The cardiovascular and mortality risk-reduction benefits of a systolic BP goal of <120 mm Hg for patients with CKD should be weighed against the risk of potential adverse events. Although concerns have been raised that intensive systolic BP lowering leads to syncope, hypotension, electrolyte abnormalities, and AKI (Figure 1), this is not supported by data from randomized trials (2,3). In SPRINT, there was no evidence of a clinically important difference in hypotension, syncope, and bradycardia between participants with CKD randomized to a systolic BP target <120 mm Hg versus <140 mm Hg (2). Although those randomized to a systolic BP target <120 mm Hg were more likely to develop AKI, the overall risk was low (3% per year versus 2% per year among those randomized to a systolic BP target <140 mm Hg) and it tended to resolve without any recognizable long-term adverse effects. Also, an acute/persistent decrease in eGFR with intensive BP lowering is likely due to reversible hemodynamic changes. Intensive BP lowering generally requires more medications, which can contribute to low adherence and higher health care utilization, such as more frequent health care provider visits for medication titration. Adherence can be monitored through standardized questionnaires, and fixed-dose combination medications can be used because they can lead to better adherence and faster achievement of BP goals.
There is no recommended target diastolic BP value in patients with CKD because few trials have compared intensive versus standard diastolic BP lowering. Recognizing that a wide pulse pressure is common in patients with CKD, one can extrapolate that targeting a systolic BP <120 mm Hg will likely lead to a diastolic BP <70 mm Hg.
There are possible exceptions to the recommended target systolic BP <120 mm Hg. These are scenarios whereby the evidence is uncertain for the benefits of intensive BP lowering outweighing the harms. These include patients with lower eGFR (CKD G4 and G5), diabetes, baseline systolic BP 120–129 mm Hg (4), etiology of CKD (5), proteinuria, extremes of age (6), very frail or nursing home residents, “white-coat” hypertension, and severe hypertension.
Frailty, which is more common among adults with versus without CKD, is a risk factor for falls, hospitalization, nursing home placement, and death. There is no evidence that intensive systolic BP lowering leads to, or worsens, frailty. In SPRINT, a higher frailty index was associated with a higher risk for self-reported and injurious falls and hospitalization (7). However, a systolic BP target of <120 mm Hg versus <140 mm Hg resulted in lower rates of cardiovascular disease and death among frail and not frail participants. These data suggest frailty should not be a barrier for intensive systolic BP lowering.
It should be noted, however, that not all guidelines recommend a target systolic BP of <120 mm Hg. For example, the American College of Cardiology/American Heart Association BP guideline recommends a target systolic BP <130 mm Hg for individuals with CKD not receiving dialysis (8).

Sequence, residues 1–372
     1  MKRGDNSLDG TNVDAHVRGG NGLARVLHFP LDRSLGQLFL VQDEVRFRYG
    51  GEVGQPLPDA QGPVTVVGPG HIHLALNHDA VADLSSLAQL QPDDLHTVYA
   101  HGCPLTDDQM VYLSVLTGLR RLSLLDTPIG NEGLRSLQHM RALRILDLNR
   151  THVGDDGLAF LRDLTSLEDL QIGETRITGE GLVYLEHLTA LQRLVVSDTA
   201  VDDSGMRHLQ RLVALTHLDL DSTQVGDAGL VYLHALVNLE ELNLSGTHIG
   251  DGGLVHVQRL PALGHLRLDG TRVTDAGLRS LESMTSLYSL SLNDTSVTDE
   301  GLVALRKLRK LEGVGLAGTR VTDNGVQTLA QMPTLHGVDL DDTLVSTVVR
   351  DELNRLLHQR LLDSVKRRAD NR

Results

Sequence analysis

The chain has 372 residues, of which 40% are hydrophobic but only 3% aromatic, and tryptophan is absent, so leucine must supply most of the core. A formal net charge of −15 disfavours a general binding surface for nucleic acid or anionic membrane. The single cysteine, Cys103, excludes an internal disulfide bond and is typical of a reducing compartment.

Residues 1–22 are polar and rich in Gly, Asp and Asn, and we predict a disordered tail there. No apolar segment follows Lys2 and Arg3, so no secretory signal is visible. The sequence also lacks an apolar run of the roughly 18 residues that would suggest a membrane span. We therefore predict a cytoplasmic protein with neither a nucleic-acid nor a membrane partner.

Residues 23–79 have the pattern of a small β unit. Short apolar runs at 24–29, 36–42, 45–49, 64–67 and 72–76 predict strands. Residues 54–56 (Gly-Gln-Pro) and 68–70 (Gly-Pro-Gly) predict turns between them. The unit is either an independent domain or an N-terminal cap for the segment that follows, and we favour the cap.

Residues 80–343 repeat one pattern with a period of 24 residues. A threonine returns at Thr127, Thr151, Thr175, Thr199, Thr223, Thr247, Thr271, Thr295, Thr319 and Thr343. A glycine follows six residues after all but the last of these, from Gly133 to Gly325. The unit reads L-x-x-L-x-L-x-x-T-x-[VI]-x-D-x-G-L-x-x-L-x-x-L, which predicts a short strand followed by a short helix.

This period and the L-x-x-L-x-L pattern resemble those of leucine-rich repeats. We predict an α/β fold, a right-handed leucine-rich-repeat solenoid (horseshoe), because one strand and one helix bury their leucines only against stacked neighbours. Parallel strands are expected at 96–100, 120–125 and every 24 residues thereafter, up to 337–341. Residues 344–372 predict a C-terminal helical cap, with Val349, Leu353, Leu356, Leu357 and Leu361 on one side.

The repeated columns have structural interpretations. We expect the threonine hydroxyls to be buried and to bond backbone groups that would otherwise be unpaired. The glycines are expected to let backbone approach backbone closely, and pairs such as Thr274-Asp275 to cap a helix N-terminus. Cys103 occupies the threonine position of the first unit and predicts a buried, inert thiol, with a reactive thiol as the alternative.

The KDIGO guideline supports the common dictum that “individualization is key.” For instance, for those with very limited life expectancy or symptomatic postural hypotension, a higher systolic BP reading may be appropriate. An approach of shared decision making between health care providers and patients should be followed.
The patient was advised to check his BP on his upper arm at home using an oscillometric BP device, two times in the morning and two times in the evening for 1 week. In addition, while advising him to continue adherence to lifestyle modifications, benazepril was increased to 40 mg and amlodipine to 10 mg daily in a single-pill combination, along with chlorthalidone 25 mg daily. In a recent randomized trial including adults with an eGFR of 15 to <30 ml/min per 1.73 m2, chlorthalidone titrated up to 50 mg versus placebo lowered systolic BP by 10.5 mm Hg over 12 weeks (9). During a follow-up visit, his BP was recorded at 115/70 mm Hg. He remained asymptomatic and his laboratory studies were unremarkable.
E.V. Lerma reports having employment with Associates in Nephrology; reports having consultancy agreements with Akebia, Bayer, Otsuka, Travere Therapeutics, and Vifor; ownership interest in Fresenius Joint Venture; receiving royalty/ honoraria from Elsevier, McGraw-Hill, Springer, UpToDate, and Wolters Kluwer; serving as editorial board member of American Journal of Kidney Diseases, ASN Kidney News, International Urology and Nephrology, Journal of Clinical Lipidology, Journal of Vascular Access, Peritoneal Dialysis International, Prescribers Letter, Renal and Urology News, and Reviews in Endocrinology and Metabolic Disorders; serving as a Visual Abstract Editor for CJASN, Kidney 360, and Peritoneal Dialysis International; speakers bureau for AstraZeneca, Bayer, Otsuka, and Vifor; and KDIGO Knowledge Translation Lead. P. Muntner reports having consultancy agreements with Amgen Inc. and reports receiving research funding from Amgen Inc. W.C. Cushman reports receiving research funding from Eli Lilly and ReCor.